CT Scan whole Cervical Spine

In recent years, the concept of full cervical spine CT for assessment of spinal injury has emerged. There are several studies that have demonstrated the robustness of the full CT scan, with sagittal and coronal reconstructions, for the exclusion of significant spinal injury. Widening, slippage or rotational abnormalities of the cervical vertebrae suggest soft tissue injury. An absence of such signs appears to exclude significant instability. Abnormal findings on the CT scan are evaluated by a spinal surgeon and additional modalities, such as MRI, can be employed. No study has missed a cervical spine injury, and no study has identified an injury on plain films that was not apparent on the CT scan.
Helical or multislice CT scanning from the Occiput to T1 is performed at 2-3mm collimation and 1.5mm pitch. Sagittal and coronal reconstructions are must be closely examined for indications of ligamentous instability. When whole cervical spine CT scanning is performed, the antero-posterior plain film becomes redundant.

Thoracic & Lumbar Spine Injury

  1. Thoracolumbar spine imaging is indicated if there is pain, bruising, swelling, deformity or abnormal neurology attributable to the thoracic or lumbar spinal regions.
  2. The presence of a fracture anywhere in the spine mandates full spinal imaging.
  3. Unconscious patients who cannot be assessed clinically also require radiological clearance of the whole spine.
The standard imaging for the thoracic and lumbar spine are antero-posterior and lateral radiographs.
CT scanning is carried out for any abnormal, suspicious or inadequately visualised ares. The scan should include the entire vertebral body above and below the level of injury, as these need to be uninjured if used for operative fixation.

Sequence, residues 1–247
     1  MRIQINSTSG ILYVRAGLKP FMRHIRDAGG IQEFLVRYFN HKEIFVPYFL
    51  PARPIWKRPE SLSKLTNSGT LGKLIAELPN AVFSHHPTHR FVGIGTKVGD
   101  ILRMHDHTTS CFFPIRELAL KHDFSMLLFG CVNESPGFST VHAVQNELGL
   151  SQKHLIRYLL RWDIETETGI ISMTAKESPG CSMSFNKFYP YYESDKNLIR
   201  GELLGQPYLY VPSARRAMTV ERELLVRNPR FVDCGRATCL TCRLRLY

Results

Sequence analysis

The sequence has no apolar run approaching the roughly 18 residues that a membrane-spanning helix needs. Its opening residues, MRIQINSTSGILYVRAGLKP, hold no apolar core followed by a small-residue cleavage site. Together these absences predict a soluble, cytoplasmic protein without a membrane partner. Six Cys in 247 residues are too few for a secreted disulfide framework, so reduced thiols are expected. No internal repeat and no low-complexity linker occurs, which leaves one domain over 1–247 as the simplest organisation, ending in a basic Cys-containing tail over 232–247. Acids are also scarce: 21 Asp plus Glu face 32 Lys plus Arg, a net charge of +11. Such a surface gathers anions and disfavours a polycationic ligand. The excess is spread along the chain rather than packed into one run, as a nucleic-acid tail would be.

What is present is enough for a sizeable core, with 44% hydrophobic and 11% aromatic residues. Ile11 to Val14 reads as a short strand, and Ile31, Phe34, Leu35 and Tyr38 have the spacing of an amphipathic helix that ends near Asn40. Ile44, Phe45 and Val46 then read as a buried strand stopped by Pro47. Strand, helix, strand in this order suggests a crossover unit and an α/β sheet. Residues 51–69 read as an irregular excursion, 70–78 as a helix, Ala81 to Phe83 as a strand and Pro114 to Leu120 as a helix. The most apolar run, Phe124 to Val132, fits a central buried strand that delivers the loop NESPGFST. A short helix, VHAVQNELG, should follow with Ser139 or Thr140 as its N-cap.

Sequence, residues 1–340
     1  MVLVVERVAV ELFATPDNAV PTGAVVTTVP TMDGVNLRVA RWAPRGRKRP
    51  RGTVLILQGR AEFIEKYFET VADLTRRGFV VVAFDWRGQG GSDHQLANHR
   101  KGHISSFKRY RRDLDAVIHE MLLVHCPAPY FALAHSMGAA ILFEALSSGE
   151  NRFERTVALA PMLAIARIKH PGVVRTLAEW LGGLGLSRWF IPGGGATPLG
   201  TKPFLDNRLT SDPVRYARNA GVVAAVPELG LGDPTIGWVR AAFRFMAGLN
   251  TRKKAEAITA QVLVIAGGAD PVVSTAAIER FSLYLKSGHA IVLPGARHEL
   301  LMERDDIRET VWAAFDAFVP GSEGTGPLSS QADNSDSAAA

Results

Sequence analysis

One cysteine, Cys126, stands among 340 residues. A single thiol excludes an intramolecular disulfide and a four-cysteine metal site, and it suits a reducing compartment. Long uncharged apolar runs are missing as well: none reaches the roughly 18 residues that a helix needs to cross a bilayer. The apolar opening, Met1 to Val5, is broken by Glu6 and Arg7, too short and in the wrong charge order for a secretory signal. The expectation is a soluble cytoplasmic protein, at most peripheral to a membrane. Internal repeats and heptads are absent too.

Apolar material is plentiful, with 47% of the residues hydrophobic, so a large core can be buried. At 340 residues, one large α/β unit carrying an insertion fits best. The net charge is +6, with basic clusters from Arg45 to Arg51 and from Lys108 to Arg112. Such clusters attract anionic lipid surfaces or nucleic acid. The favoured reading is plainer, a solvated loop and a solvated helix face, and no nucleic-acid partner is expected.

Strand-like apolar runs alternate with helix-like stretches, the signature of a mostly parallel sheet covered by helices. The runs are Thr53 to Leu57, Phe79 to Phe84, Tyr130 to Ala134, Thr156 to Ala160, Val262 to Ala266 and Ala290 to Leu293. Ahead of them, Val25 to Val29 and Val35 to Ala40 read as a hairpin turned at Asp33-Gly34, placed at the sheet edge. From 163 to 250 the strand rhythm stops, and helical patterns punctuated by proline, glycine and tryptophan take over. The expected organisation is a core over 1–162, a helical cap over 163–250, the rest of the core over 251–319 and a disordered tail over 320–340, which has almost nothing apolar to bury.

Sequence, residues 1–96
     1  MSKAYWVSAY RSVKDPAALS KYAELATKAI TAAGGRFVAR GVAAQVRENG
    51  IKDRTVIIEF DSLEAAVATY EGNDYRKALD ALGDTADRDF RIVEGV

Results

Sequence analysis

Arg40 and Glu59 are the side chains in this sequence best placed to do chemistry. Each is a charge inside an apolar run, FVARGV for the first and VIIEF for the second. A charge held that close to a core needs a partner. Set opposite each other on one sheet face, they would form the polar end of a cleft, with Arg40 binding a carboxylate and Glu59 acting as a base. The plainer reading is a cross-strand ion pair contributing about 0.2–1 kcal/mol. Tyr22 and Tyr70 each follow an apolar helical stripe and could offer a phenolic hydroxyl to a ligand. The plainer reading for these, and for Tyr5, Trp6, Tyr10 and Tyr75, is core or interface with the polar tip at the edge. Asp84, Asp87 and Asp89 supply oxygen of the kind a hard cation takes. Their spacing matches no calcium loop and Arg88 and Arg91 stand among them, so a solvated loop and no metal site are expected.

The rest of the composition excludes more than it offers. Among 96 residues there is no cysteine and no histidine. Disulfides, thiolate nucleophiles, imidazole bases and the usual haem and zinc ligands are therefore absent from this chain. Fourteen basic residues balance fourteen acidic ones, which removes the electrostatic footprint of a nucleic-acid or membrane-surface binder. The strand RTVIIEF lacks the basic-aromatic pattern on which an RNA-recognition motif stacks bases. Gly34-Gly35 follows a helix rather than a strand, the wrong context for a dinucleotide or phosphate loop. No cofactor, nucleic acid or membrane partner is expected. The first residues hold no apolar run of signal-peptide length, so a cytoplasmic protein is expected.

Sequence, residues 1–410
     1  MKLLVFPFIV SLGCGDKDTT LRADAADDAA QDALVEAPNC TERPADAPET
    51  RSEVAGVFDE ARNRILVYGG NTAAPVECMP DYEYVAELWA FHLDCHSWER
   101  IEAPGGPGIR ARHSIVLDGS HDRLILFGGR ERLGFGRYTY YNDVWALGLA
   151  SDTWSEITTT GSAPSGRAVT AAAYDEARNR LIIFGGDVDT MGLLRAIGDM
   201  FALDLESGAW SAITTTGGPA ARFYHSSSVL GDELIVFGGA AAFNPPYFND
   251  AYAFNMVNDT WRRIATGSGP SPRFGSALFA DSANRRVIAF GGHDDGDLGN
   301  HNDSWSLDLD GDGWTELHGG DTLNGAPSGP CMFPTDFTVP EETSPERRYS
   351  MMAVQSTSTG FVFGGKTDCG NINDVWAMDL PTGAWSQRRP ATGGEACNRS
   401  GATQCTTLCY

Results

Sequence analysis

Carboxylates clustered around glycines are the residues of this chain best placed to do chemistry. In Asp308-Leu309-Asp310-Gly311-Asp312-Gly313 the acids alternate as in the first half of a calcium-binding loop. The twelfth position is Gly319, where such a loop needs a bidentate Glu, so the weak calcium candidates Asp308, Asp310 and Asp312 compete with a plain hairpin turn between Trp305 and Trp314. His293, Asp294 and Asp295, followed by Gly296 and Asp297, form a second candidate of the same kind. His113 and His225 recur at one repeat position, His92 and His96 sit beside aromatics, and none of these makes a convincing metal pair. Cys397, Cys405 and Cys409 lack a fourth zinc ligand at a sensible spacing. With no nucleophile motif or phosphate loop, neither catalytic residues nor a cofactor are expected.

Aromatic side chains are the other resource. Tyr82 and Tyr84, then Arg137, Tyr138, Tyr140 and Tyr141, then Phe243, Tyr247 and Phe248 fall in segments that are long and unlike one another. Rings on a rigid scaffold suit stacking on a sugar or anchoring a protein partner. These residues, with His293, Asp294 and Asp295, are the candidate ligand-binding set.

Patients with abnormal neurology attributable to the thoracic or lumbar spine should undergo an MRI scan to visualise the spinal cord.

Paediatric Spine Injury

  1. Spinal evaluation in the paediatric population is similar to those in adults.
  2. Clinical and radiological evaluation of the immature anatomy requires particular care, with attention paid to X-ray variants.
  3. Spinal cord injury without radiographic plain film abnormality is more common in this age group and a thorough neurological examination is important.


Children have a disproportionately larger head size than adults, and when supine on a firm surface will be in a position of slight flexion. This slight degree of flexion is rarely a problem, though it can give rise to difficulties in X-ray interpretation. This can be corrected by placing a folded towel or sheet under the patient’s shoulders to bring the cervical spine into the neutral position.
It may be difficult to immobilize a child adequately. Distress and discomfort may require that manual in-line stabilization is used instead of a semi-rigid collar, blocks and tape. Collar sizing may be difficult and there are no collars that adequately fit infants aged 6 and below.

Clinical Clearance

Clinical clearance of the spine is less well established in the paediatric population. While the NEXUS study (Vicellio) has shown promise in this area, of 3065 patients there were only 4 cervical spine injuries in patients under 9 years of age, and none below 2 years old.


The immature anatomy of the paediatric cervical spine requires some expertise and familiarity to interpret and to avoid missed injuries. Due to the paediatric patients’ larger head size, pseudosubluxation of C2 on C3, and anterior translations may appear as injuries rather than as consequences of mild flexion.